Aces on Bridge — Daily Columns

The Aces on Bridge: Monday, February 14th, 2011

Dealer: East

Vul: N-S


J 8 7 6

K 10 9 7

10 7 3 2



9 5 3

A J 6

K Q J 6

10 9 5



Q 8 4 3

A 9 8 5

A Q 8 6


A K Q 10 4

5 2


K 7 4 3 2


South West North East
1 2 3 4
4 Dbl. All Pass

Opening Lead: King

“But sequence ravelled out of reach

Like balls upon a floor.”

— Emily Dickinson

The NEC tournament in Yokohama takes place over Valentine’s Day every year. To mark this year’s event, I am using deals from the excellent 2010 bulletin, which can be found online at The NEC Bridge Festival Home Page.


Peter Gill contributed a nice play by Brian Senior in today’s deal, where he declared four spades doubled. West led a diamond and accurately shifted to a trump. It looks natural to win this cheaply in dummy and lead a club, but the defenders have the upper hand if they win and lead a second diamond. Declarer can crossruff the minor suits to set up the clubs, but will run out of trumps in the process. At the very end, West can keep a master diamond and the heart ace.


Senior figured out that he needed the heart ace onside, come what may. So he took the trump shift in hand and led a heart up. West ducked, and now declarer could win dummy’s heart king and lead a club. The defenders could take the club ace and cross to the West hand with a heart for the second trump play, but now declarer was in control and could establish clubs.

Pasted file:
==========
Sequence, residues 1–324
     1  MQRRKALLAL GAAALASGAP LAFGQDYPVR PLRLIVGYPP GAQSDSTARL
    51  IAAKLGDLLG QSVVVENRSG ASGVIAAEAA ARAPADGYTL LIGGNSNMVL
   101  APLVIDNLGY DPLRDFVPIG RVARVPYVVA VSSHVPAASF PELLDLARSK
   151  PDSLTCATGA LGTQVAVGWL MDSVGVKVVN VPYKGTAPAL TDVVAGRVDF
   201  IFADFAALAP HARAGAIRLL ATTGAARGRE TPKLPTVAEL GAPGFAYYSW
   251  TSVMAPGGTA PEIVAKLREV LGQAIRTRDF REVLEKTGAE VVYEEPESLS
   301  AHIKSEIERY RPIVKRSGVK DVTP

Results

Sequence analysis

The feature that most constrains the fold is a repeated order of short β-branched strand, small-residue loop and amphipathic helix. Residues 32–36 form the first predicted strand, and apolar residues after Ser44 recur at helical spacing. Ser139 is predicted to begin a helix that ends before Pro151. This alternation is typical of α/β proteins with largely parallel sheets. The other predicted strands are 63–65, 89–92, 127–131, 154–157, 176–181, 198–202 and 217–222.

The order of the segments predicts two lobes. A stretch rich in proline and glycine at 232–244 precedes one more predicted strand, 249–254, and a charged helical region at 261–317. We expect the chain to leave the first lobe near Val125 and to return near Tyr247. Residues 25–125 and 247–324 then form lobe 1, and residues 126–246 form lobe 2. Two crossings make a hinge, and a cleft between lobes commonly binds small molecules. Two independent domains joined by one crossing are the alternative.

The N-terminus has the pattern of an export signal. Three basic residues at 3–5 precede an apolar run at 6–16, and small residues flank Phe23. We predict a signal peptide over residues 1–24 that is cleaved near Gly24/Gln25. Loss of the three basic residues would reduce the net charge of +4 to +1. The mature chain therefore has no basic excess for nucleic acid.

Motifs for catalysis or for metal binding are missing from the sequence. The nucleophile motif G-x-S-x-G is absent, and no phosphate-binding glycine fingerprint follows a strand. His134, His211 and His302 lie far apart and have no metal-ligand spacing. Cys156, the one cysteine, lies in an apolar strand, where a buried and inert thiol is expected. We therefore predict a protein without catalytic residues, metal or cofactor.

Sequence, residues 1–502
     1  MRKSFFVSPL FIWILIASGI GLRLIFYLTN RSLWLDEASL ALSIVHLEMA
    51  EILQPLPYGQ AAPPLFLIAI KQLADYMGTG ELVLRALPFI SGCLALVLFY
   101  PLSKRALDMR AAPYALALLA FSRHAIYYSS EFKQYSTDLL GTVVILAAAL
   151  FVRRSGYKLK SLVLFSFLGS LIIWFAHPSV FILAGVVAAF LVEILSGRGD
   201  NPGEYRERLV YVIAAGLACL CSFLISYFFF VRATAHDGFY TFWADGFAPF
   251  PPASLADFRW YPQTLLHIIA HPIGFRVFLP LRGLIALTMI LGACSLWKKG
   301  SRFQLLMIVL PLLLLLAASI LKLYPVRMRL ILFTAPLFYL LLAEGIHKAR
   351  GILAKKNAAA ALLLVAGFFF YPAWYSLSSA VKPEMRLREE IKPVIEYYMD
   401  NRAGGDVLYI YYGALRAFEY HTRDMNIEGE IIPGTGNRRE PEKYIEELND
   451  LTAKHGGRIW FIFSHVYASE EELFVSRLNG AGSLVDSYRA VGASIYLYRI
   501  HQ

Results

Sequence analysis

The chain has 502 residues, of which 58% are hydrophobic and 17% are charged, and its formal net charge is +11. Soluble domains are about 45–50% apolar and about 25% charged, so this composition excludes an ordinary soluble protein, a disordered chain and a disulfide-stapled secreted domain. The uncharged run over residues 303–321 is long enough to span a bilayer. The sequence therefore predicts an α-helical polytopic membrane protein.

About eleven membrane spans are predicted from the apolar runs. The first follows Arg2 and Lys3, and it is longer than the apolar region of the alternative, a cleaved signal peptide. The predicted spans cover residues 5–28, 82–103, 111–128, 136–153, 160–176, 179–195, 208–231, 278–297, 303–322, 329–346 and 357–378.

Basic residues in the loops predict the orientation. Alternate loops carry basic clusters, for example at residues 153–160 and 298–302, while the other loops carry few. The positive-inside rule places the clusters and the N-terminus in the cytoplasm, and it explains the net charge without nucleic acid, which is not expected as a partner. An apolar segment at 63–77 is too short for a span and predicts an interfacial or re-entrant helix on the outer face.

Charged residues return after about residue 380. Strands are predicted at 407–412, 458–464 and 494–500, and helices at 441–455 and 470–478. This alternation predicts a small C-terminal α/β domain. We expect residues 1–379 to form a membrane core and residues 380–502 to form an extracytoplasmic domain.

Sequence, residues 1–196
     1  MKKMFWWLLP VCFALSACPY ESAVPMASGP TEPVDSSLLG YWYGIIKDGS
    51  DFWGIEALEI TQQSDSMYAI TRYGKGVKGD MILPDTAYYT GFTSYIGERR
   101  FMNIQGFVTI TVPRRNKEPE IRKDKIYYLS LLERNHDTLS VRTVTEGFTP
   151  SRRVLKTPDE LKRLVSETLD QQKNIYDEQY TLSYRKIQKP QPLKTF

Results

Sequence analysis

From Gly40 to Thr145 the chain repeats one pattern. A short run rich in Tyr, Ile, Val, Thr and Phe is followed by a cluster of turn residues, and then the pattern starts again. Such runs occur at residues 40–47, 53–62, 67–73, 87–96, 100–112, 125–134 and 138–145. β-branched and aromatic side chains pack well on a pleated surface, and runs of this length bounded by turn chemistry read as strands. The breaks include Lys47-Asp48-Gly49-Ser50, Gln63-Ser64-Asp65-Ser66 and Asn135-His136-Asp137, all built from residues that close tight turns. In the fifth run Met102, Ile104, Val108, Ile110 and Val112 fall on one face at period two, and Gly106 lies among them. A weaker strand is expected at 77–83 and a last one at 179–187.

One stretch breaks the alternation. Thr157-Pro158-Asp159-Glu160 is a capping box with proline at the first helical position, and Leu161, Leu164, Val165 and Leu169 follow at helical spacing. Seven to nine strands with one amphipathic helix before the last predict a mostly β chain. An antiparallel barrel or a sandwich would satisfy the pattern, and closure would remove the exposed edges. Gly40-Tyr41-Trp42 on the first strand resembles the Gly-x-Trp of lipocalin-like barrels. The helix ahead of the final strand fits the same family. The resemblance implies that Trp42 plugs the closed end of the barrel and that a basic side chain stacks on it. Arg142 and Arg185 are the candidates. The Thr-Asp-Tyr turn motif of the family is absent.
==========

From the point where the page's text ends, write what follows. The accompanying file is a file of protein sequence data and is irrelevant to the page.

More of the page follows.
Had the defenders played to force declarer at trick five, the fact that the heart trick was in the bag would have made the critical difference. Even though the defenders could in fact have prevailed by winning the heart ace and playing a second trump, that does not detract from Senior’s play.


South Holds:

10 7 4
K 9 5 3
9 7 4
9 5 2


South West North East
1 Pass 1
Pass 2 Pass 3 NT
All Pass      
ANSWER: To have a shot to beat this contract, you will need to find partner with close to an opening bid. If he does have that hand, maybe he has stayed silent in this auction because he has some length in dummy’s first-bid suit, so lead the diamond nine. At matchpoints a spade might be less “do or die.”


For details of Bobby Wolff’s autobiography, The Lone Wolff, contact If you would like to contact Bobby Wolff, please leave a comment at this blog. Reproduced with permission of United Feature Syndicate, Inc., Copyright 2011. If you are interested in reprinting The Aces on Bridge column, contact